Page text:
I worked like hell in high school, and got into a good college. I worked like hell in college and got into a good law school. I worked like hell for two of three years of law school, ensuring good opportunities thereafter. (I found it psychologically impossible to take law school seriously my third year. I paid the price. Bye bye, magna!)
Why work hard all that time? Well, money is part of it. I want to be comfortable and provide well for my family. Opportunity is part of it. I wanted to be able to work at exciting and rewarding jobs.
But most important of all, I wanted — and now have — the incalculably delicious freedom to say "fuck off."
There's no freedom greater than the right, and practical ability, to tell an asshole to take a hike, and then shoulder the consequences. Whether it's having the alternate opportunities and savings necessary to walk away from a job when your superior is a jackass, or the freedom I enjoy now to turn away clients who think that paying me means they can treat me like shit, that freedom allows us to define how we want to live our own lives and what what sort of nonsense we are prepared to accept from the people surrounding us. There have been few things more empowering then telling a client "you're fired" and seeing the client recognize that, yes, I can do that, because I have done the work and made the sacrifices necessary to put me in a position to do it.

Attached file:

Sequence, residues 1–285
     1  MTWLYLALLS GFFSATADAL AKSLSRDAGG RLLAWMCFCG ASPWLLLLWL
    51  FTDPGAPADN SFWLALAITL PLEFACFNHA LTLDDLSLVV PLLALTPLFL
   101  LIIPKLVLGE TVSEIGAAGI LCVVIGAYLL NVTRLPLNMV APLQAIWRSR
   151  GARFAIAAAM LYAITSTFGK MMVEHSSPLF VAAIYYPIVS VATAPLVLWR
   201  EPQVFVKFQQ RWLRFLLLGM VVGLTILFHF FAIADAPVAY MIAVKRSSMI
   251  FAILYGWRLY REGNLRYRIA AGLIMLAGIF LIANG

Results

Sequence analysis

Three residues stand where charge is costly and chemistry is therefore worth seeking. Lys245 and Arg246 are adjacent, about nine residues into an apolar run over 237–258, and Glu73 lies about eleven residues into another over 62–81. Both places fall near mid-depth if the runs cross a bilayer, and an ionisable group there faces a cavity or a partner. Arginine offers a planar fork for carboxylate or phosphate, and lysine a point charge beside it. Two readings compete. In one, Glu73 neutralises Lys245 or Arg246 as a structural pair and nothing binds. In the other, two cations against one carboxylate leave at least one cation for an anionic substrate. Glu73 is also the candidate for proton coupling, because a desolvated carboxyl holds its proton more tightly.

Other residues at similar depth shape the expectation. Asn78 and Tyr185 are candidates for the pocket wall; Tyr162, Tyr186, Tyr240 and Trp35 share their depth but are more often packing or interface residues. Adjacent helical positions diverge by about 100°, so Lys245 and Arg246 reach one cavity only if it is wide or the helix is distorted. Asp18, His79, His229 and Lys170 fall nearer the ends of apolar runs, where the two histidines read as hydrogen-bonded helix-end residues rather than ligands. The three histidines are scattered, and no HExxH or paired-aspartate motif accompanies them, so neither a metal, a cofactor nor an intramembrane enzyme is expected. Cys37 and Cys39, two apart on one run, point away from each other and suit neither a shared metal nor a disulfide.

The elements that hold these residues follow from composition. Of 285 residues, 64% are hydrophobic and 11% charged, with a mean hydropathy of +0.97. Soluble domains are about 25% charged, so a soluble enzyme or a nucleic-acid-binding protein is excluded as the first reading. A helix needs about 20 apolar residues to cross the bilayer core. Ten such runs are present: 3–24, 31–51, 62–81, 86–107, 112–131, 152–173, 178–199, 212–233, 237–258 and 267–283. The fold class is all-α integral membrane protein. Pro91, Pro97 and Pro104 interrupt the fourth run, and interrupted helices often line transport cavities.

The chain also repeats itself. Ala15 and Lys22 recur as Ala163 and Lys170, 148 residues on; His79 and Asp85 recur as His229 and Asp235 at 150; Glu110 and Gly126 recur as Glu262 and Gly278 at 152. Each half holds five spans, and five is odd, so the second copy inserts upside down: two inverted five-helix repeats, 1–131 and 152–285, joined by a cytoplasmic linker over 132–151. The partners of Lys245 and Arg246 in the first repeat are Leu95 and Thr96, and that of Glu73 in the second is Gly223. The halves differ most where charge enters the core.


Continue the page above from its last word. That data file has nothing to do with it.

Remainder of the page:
But freedom requires responsibility. Life is full of opportunities to surrender freedom in exchange for something — good pay, prestige, living in a particular neighborhood. You've got to be ready to give those things up, or ready to refuse them in the first place when they are inescapable. I've never understood how people would think that living under the thumb of a homeowner's association was an acceptable trade for living in a particular neighborhood. Like this guy, you could play around at the edges by putting your inflatable rhinoceroses on the roof rather than on your lawn to escape the letter of HOA rules, but ultimately you're going to pay the price for having surrendered your freedom. Hey, if the house was worth that surrender, then fine. That's your choice. I make choices to surrender freedom when it is worth it as well — by having kids, for example. But think about it, for heaven's sake.
Last 5 posts by Ken White
- About Clark Being "Purged" From Popehat - May 24th, 2017
- The Dubious "Anthony Weiner's Accuser Was Actually Over 16" Story, And Why I'm Very Skeptical - May 22nd, 2017
- Lawsplainer: The Remarkable Anthony Weiner Guilty Plea - May 19th, 2017
- The Elaborate Pantomime of The Federal Guilty Plea - May 8th, 2017
- A Disturbing In-Flight Experience - May 1st, 2017